The Black Fives: The Epic Story of Basketball's Forgotten Era, by Claude Johnson (Hardcover)
A groundbreaking, timely history of the largely unknown early days of Black basketball, bringing to life the trailblazing players, teams, and impresarios who made the game.
HARDCOVER Publication Date: May 24, 2022 Imprint: Abrams Press Trim Size: 6" x 9" Weight: 28 oz. (0.79 kg.) ISBN: 978-1-4197-4436-5 Page Count: 480 Additional formats: eBook Rights: World/All
From the introduction of the game of basketball to Black communities on a wide scale in 1904 to the racial integration of the NBA in 1950, dozens of African American teams were founded and flourished. This period, known as the Black Fives Era (teams at the time were often called “fives”), was a time of pioneering players and managers. They battled discrimination and marginalization and created culturally rich, socially meaningful events. But despite headline-making rivalries between big-city clubs, the savvy moves of innovative businessmen, and the undeniable talent of star players, this period is almost entirely unknown to basketball fans.
Claude Johnson has made it his mission to change that. An advocate fiercely committed to our history, for more than two decades Johnson has conducted interviews, mined archives, collected artifacts, and helped to preserve this historically important African American experience that otherwise would have been lost. The Black Fives is the result of his work, a landmark narrative history that braids together the stories of these forgotten pioneers and rewrites our understanding of the story of basketball.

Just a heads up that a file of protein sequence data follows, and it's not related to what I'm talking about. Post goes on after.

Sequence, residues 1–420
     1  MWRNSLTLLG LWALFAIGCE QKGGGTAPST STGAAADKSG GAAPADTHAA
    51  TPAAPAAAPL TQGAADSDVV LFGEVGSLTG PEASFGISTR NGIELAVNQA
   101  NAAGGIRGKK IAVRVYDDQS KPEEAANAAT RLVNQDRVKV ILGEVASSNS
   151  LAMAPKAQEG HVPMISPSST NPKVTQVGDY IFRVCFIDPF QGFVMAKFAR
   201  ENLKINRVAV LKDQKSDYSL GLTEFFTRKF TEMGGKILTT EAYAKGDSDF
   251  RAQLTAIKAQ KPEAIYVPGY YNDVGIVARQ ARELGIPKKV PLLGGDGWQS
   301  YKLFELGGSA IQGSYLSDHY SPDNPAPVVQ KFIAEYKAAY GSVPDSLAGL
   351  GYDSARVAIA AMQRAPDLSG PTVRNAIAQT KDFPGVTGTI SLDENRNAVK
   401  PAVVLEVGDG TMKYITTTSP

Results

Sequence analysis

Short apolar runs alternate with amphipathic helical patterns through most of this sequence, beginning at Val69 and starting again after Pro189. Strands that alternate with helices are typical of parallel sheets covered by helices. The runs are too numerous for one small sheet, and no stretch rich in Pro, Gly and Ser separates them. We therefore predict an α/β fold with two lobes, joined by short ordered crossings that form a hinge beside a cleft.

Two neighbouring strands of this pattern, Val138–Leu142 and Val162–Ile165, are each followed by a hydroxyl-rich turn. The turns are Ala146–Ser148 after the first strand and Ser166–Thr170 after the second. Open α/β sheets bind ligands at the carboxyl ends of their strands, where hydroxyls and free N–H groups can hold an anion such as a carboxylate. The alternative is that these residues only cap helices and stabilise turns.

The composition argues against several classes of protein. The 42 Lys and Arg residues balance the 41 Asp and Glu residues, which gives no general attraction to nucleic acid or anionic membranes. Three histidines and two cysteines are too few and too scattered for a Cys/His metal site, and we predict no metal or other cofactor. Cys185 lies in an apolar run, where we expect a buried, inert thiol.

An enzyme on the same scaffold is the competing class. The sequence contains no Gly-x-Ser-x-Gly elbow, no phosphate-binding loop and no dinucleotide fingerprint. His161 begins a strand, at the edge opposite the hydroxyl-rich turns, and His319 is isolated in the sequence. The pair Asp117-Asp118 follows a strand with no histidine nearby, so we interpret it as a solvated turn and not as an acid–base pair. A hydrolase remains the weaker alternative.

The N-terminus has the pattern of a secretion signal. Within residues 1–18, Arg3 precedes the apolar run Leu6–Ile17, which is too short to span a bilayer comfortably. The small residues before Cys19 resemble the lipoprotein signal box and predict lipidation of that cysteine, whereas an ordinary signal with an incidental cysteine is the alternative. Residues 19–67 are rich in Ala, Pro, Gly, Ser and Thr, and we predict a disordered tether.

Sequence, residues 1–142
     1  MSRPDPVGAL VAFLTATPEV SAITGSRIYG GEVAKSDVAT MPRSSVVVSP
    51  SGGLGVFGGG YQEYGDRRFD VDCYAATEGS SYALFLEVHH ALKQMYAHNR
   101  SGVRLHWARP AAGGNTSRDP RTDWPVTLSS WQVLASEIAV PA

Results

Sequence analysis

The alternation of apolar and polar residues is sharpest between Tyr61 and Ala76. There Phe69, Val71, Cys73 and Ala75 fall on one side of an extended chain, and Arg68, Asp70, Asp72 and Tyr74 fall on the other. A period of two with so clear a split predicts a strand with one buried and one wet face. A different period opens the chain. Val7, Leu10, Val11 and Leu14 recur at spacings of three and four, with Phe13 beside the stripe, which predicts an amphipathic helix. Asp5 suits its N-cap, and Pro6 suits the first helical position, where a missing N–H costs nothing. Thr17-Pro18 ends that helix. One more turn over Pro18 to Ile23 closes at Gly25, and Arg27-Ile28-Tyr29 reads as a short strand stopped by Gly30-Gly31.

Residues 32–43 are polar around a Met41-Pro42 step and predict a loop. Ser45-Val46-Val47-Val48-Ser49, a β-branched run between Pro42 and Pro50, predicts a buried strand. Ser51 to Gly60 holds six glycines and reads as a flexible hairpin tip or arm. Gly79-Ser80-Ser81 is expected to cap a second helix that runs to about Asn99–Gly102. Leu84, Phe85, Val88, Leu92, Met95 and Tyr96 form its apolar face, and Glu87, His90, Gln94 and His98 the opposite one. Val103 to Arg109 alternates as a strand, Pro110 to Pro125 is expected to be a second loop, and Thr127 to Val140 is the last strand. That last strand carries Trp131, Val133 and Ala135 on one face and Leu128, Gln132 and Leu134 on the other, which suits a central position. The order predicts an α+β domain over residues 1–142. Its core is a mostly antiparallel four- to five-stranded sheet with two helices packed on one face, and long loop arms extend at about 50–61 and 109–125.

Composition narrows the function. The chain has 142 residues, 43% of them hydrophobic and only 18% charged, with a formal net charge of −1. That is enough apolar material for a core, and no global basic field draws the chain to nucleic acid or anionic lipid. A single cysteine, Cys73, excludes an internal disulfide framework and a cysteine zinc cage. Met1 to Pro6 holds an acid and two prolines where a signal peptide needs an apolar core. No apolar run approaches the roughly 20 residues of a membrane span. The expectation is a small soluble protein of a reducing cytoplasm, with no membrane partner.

ABOUT THE AUTHOR Claude Johnson is a historian and founder of the Black Fives Foundation. He has a BS in civil engineering and economics from Carnegie Mellon and an MS in mechanical engineering from Stanford. During a 20-year career in corporate America, Johnson held management and executive positions at IBM, American Express, NBA Properties, Nike, Phat Farm, and Benetton Sportsystem. He left to become a stay-at-home dad to his three sons, two of whom are now Division I college football players (the third is a Division I high school basketball recruit). He lives in Greenwich, Connecticut.